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The French Senate Passes Controversial Retirement Law Despite Popular Protests

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A controversial bill that would raise France’s retirement age from 62 to 64 got a push forward with the Senate’s adoption of the measure amid strikes, protests and rubbish piling up by the day.

French Prime Minister Elisabeth Borne tweeted late Saturday after a 195-112 vote that she was looking forward to passing the final bill, hailing “a decisive step towards reform that will secure the future of our pension system.”

But the legislation must now move through a difficult political area with multiple potential outcomes.

He first turns to a panel of seven senators and seven House representatives to find a middle ground between the two houses’ versions of the text on Wednesday — when unions planned an eighth round of nationwide protest rallies.

President Emmanuel Macron himself is not afraid of the garbage piling up in Paris and other cities from the strike of garbage workers opposed to the bill and the decline in services and supplies in other sectors such as transport and energy.

Macron refused a union request to meet with him, which left-wing CGT union leader Felipe Martinez said amounted to “finger-giving”.

The government did not respond to a trade union request for “citizen consultation” about the legislation, which was passed on Saturday after a new day of marches drew far fewer people to the streets than protest marches four days earlier.

Senate President Gerard Larcher expressed pride in the work of his colleagues after their vote – a day before the deadline – saying that the body controlled by the conservative right played its part “with only one aim, whatever our sentiments, and that is the interest of the country and the interest of the French people”.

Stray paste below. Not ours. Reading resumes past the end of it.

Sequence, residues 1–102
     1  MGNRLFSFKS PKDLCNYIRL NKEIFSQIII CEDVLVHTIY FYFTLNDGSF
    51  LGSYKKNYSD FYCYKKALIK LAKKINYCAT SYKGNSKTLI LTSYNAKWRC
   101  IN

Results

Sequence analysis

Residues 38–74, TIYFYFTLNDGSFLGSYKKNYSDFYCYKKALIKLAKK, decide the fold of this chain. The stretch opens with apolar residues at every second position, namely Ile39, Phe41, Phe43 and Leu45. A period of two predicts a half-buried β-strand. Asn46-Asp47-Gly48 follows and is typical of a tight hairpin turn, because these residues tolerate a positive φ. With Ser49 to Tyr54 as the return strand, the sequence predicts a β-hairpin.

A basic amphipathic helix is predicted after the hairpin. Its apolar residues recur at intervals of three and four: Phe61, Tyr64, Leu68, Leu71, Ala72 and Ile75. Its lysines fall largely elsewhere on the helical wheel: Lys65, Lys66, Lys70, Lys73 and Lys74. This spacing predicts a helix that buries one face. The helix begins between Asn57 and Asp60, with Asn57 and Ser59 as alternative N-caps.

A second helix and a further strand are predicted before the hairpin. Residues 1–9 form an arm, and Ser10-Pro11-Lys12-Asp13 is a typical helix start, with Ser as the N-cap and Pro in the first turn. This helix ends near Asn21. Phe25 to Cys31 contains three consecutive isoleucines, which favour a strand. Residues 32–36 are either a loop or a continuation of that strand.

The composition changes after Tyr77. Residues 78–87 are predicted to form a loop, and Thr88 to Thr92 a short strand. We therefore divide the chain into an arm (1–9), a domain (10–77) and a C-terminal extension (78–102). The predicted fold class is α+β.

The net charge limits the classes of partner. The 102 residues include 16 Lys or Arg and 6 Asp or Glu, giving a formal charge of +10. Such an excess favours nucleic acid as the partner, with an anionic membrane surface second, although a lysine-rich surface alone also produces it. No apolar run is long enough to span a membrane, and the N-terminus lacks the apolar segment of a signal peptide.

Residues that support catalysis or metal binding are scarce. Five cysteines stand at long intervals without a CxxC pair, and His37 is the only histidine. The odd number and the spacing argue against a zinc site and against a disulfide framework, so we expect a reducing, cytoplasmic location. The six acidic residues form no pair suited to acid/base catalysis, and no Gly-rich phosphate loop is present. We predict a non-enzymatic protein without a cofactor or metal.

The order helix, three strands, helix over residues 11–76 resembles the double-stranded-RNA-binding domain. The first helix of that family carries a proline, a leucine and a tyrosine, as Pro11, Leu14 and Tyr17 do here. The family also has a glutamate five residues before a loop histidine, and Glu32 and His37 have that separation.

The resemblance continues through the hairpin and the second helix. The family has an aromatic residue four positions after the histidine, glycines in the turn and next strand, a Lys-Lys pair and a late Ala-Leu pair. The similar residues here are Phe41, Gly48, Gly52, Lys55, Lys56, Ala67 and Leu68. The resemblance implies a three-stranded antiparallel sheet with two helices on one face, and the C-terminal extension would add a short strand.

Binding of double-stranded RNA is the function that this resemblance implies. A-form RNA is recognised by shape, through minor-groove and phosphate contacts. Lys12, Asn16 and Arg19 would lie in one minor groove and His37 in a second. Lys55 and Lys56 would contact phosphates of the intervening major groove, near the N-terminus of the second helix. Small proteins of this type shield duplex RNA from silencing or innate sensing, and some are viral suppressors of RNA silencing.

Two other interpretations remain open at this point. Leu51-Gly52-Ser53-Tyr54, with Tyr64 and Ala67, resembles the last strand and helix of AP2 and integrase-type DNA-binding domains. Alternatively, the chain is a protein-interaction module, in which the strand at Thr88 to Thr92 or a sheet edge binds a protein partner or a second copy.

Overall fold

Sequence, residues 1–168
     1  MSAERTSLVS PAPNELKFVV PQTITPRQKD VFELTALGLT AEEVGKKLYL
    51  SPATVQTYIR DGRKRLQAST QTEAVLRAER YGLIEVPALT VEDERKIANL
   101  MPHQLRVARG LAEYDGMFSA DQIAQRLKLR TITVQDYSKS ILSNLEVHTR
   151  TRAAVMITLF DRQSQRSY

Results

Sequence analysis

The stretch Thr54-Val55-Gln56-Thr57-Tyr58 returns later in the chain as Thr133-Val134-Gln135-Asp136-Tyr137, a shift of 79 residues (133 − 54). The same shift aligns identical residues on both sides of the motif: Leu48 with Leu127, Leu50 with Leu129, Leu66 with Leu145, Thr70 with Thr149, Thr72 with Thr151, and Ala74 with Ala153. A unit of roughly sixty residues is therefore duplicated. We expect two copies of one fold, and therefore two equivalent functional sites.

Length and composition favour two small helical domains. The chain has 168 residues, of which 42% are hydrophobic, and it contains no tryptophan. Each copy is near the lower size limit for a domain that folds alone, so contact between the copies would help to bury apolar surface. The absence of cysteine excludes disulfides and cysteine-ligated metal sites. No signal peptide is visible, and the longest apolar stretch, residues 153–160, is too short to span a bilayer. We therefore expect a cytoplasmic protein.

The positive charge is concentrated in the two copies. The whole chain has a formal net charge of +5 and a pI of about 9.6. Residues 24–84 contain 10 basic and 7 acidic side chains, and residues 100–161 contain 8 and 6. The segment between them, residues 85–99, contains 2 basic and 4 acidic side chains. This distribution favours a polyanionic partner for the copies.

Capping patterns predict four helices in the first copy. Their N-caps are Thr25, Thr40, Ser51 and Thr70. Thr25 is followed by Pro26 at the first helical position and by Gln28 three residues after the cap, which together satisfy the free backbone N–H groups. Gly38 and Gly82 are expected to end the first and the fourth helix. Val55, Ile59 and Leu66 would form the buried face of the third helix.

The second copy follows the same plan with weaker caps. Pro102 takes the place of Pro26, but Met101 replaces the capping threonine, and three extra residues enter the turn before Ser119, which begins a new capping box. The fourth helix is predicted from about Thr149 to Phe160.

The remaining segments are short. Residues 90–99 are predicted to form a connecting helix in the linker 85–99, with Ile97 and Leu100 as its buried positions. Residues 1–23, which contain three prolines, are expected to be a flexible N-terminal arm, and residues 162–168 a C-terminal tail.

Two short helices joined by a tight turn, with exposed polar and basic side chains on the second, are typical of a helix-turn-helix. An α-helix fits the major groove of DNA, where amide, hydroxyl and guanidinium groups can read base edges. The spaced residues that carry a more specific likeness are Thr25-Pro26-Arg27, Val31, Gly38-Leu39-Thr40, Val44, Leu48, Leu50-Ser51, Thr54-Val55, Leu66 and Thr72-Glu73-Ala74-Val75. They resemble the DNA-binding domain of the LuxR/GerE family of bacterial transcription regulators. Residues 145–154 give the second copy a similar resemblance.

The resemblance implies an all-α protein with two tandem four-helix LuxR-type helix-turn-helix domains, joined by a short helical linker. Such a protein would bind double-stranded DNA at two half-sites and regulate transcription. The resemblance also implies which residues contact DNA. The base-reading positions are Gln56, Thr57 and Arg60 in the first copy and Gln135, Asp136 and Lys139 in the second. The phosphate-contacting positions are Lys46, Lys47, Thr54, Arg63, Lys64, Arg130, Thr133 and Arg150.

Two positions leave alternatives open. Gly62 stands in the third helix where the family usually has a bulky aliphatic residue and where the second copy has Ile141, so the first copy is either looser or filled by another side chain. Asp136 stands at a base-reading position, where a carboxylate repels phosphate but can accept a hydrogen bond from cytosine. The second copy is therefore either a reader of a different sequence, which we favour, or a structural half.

The unions maintain that the French are voting their opposition to reform in the streets and through strikes, although they are reduced in some sectors.

The government hopes to avoid using a special constitutional power to force the bill through Parliament without a vote. Parliamentary approval will give a great deal of legitimacy to the retirement plan.

But there are multiple scenarios before the reform becomes law, making its trajectory uncertain.

If the mixed committee reaches an agreement on Wednesday, the final vote on the pension reform plan will take place the next day in the Senate and the National Assembly, the House of Representatives.

Without an agreement, the bill is likely to go back to the National Assembly for further discussion and a final vote, and possibly back to the Senate. Borne, the prime minister, expressed optimism that the measure would be “definitively adopted in the coming days”.

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